Listen to the album below or click this link to buy it – Mysterium.




500 Words or Less Reviews: Look What Taylor Swift Made Me Do

I am not a fan of Taylor Swift. Never have been. Her only album I have been able to tolerate is 1989. I feel that disclaimer is necessary from the outset.

Unless you live under a rock, you probably noticed that Taylor released a new song a few days ago. It is titled, “Look What You Made Me Do.” The song is awful – filled with all the poorest elements of modern pop music. However, looking beyond the melody and the beat, the song is emblematic of the very worst of our society. It is the quintessential anthem of our narcissistic and victim culture. If there was any doubt before, we can now crown Taylor Swift as the Queen Victim of our age.

The song is a list of the times Taylor feels she has been slighted, wronged, offended, judged, criticized, and blamed. It is whiny and screechy and so inwardly focused that it is difficult to take any of it seriously. There isn’t a whiff of self-awareness. No trace of self-reflection. She even sees herself as a Christ figure in the music video – arms outstretched with a crucifix behind her. In Taylor’s fantasy world, there are many who have lied about her and stabbed her in the back, so hers is a righteous anger. It’s hard to hear all this self-pity coming from a 27-year-old woman who is worth nearly $300 million. The end result of the song is to declare that due to all the horrible, unfair, mean stuff that has been said about or done to her, that the old Taylor Swift is dead and she has become someone else – someone angry and vengeful. The problem with that declaration is that Taylor Swift has been a “mean girl” for a long time. You only have to listen to her older albums to see the spitefulness with which she has always operated. But in her warped view, she is the put-upon victim, the innocent, the martyr. In her mind, her enemies forced her to create and release this song and now that she has taken all she can, she is ready to get down in the mud with all those “liars and dirty, dirty cheats of the world.” So, we have that to look forward to…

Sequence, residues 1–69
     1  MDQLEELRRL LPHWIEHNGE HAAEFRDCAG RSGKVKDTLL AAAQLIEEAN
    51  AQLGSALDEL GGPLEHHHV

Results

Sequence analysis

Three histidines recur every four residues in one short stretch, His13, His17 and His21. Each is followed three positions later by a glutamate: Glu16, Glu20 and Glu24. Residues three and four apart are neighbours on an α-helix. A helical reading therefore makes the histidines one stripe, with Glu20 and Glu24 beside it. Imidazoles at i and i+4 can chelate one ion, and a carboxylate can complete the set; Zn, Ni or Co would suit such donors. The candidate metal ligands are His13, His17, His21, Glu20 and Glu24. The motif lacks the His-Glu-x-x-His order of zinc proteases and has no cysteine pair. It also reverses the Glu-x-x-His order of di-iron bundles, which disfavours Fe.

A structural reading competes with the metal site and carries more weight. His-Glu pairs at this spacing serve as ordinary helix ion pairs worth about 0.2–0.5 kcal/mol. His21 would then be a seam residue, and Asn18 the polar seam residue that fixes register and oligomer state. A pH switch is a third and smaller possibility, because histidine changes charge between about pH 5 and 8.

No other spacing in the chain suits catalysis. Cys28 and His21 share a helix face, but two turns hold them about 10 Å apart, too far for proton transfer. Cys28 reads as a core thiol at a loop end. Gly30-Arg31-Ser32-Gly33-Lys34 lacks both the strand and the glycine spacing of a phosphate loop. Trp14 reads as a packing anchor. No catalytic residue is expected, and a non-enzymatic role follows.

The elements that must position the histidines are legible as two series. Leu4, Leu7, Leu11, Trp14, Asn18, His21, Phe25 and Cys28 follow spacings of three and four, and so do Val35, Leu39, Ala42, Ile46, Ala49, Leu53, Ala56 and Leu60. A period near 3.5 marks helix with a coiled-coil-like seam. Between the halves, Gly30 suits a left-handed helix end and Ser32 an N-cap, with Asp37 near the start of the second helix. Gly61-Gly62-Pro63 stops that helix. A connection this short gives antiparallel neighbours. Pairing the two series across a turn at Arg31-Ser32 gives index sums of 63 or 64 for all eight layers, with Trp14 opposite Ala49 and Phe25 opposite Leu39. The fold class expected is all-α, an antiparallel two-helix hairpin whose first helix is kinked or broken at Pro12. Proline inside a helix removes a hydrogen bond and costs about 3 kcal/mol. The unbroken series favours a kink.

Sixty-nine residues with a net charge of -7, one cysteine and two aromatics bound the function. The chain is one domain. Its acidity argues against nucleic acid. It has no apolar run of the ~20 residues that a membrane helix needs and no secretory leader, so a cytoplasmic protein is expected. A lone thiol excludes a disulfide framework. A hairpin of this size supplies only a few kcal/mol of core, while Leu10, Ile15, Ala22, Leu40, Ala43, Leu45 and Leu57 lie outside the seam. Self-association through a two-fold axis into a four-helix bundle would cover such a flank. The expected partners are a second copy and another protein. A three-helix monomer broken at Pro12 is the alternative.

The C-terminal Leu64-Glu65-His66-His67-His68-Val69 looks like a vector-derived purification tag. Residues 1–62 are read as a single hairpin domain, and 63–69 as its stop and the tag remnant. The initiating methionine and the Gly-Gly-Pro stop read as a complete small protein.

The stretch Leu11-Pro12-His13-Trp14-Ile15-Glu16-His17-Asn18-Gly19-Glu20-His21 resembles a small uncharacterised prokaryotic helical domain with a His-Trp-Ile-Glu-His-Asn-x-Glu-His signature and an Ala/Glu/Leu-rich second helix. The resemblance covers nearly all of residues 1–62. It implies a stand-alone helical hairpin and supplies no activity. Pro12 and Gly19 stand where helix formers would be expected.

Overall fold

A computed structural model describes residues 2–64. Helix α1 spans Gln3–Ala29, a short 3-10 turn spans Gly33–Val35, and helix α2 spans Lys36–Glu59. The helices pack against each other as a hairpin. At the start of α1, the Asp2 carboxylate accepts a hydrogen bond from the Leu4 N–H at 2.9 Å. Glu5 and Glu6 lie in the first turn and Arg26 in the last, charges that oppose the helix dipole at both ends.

We are a society of self-aggrandizers, self-promoters, and self-congratulators who in our minds can do no wrong, bear no responsibility for any of our actions, and are in a constant state of victimization. Everyone is out to get us. So if no one is on our side, then we have to do everything we can to get ours. We are “me monsters” of the highest order. And society will praise us for that. Society will champion us until it has no more use for us and then it will destroy us. That is the end that is awaiting Taylor Swift. And based on the reception to her new single, it is an end that could be here sooner than she expects.




Eternity In Our Hearts By Way of Arcade Fire’s No Cars Go

Ten years ago today, Arcade Fire released the final single from their groundbreaking sophomore release, Neon Bible. The song? No Cars Go. While the album was thematically dark and despairing, No Cars Go, the penultimate track, was full of life, energy, and hope. That is not meant as a critique of either the album or the song. I love both. But the contrast was clear. It was unmistakable for those that had ears to hear.

While this is in no way meant to be comprehensive, a little background information is probably needed about Arcade Fire for the conclusions I draw to have any lasting value. Arcade Fire is an indie rock band from Montreal, Quebec. They have released five studio albums. Their sound is eclectic, mixing classic rock and roll with electronica, disco, indie, and boisterous anthems. Thematically, they infuse their songs with a “voice crying out in the wilderness” sentiment. There is a prophetic urgency to their lyrics, decrying greed, religion, and any other aspect of modernity they find troublesome. With piercing clarity and exacting specificity, they denounce society’s constant grasping for more, more, more. As often as not, their barbs are aimed at themselves as much as anyone else.

When I reviewed the album Neon Bible over ten years ago, I used words like haunting, damning, anxious, angry, and hypnotic to describe what I heard. I was so taken by that album, I poured out 2,000 words in an attempt to grapple with it. Listening to it again more recently, I stand by my initial reaction. The album is dark and brooding. It’s angry and accusatory. It’s full of rage, confusion, and hopelessness. It’s within that context that I fell in love with No Cars Go.